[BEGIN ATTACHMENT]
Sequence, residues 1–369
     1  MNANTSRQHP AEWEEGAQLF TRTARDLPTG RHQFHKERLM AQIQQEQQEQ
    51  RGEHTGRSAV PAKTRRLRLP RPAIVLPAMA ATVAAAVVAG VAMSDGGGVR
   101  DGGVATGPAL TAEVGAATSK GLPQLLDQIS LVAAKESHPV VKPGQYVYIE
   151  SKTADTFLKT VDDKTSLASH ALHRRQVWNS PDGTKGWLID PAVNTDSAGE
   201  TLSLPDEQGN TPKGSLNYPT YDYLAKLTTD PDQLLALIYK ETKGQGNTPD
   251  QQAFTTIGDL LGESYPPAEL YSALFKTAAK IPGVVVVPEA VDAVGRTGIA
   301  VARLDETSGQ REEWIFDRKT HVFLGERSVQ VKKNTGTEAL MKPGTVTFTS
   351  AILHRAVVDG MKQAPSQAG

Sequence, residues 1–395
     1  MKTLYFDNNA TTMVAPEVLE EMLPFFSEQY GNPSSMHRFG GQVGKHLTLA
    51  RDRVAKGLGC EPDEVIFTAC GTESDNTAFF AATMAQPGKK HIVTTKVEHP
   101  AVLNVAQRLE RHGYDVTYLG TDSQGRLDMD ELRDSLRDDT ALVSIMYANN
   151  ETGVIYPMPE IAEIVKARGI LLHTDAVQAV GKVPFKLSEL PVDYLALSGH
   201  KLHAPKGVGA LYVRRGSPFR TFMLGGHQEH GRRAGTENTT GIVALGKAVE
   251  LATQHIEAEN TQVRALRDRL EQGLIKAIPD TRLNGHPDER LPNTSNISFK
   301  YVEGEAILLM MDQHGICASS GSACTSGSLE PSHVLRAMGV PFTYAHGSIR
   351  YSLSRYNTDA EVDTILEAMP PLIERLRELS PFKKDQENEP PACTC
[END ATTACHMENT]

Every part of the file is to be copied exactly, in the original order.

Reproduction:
Sequence, residues 1–369
     1  MNANTSRQHP AEWEEGAQLF TRTARDLPTG RHQFHKERLM AQIQQEQQEQ
    51  RGEHTGRSAV PAKTRRLRLP RPAIVLPAMA ATVAAAVVAG VAMSDGGGVR
   101  DGGVATGPAL TAEVGAATSK GLPQLLDQIS LVAAKESHPV VKPGQYVYIE
   151  SKTADTFLKT VDDKTSLASH ALHRRQVWNS PDGTKGWLID PAVNTDSAGE
   201  TLSLPDEQGN TPKGSLNYPT YDYLAKLTTD PDQLLALIYK ETKGQGNTPD
   251  QQAFTTIGDL LGESYPPAEL YSALFKTAAK IPGVVVVPEA VDAVGRTGIA
   301  VARLDETSGQ REEWIFDRKT HVFLGERSVQ VKKNTGTEAL MKPGTVTFTS
   351  AILHRAVVDG MKQAPSQAG

Sequence, residues 1–395
     1  MKTLYFDNNA TTMVAPEVLE EMLPFFSEQY GNPSSMHRFG GQVGKHLTLA
    51  RDRVAKGLGC EPDEVIFTAC GTESDNTAFF AATMAQPGKK HIVTTKVEHP
   101  AVLNVAQRLE RHGYDVTYLG TDSQGRLDMD ELRDSLRDDT ALVSIMYANN
   151  ETGVIYPMPE IAEIVKARGI LLHTDAVQAV GKVPFKLSEL PVDYLALSGH
   201  KLHAPKGVGA LYVRRGSPFR TFMLGGHQEH GRRAGTENTT GIVALGKAVE
   251  LATQHIEAEN TQVRALRDRL EQGLIKAIPD TRLNGHPDER LPNTSNISFK
   301  YVEGEAILLM MDQHGICASS GSACTSGSLE PSHVLRAMGV PFTYAHGSIR
   351  YSLSRYNTDA EVDTILEAMP PLIERLRELS PFKKDQENEP PACTC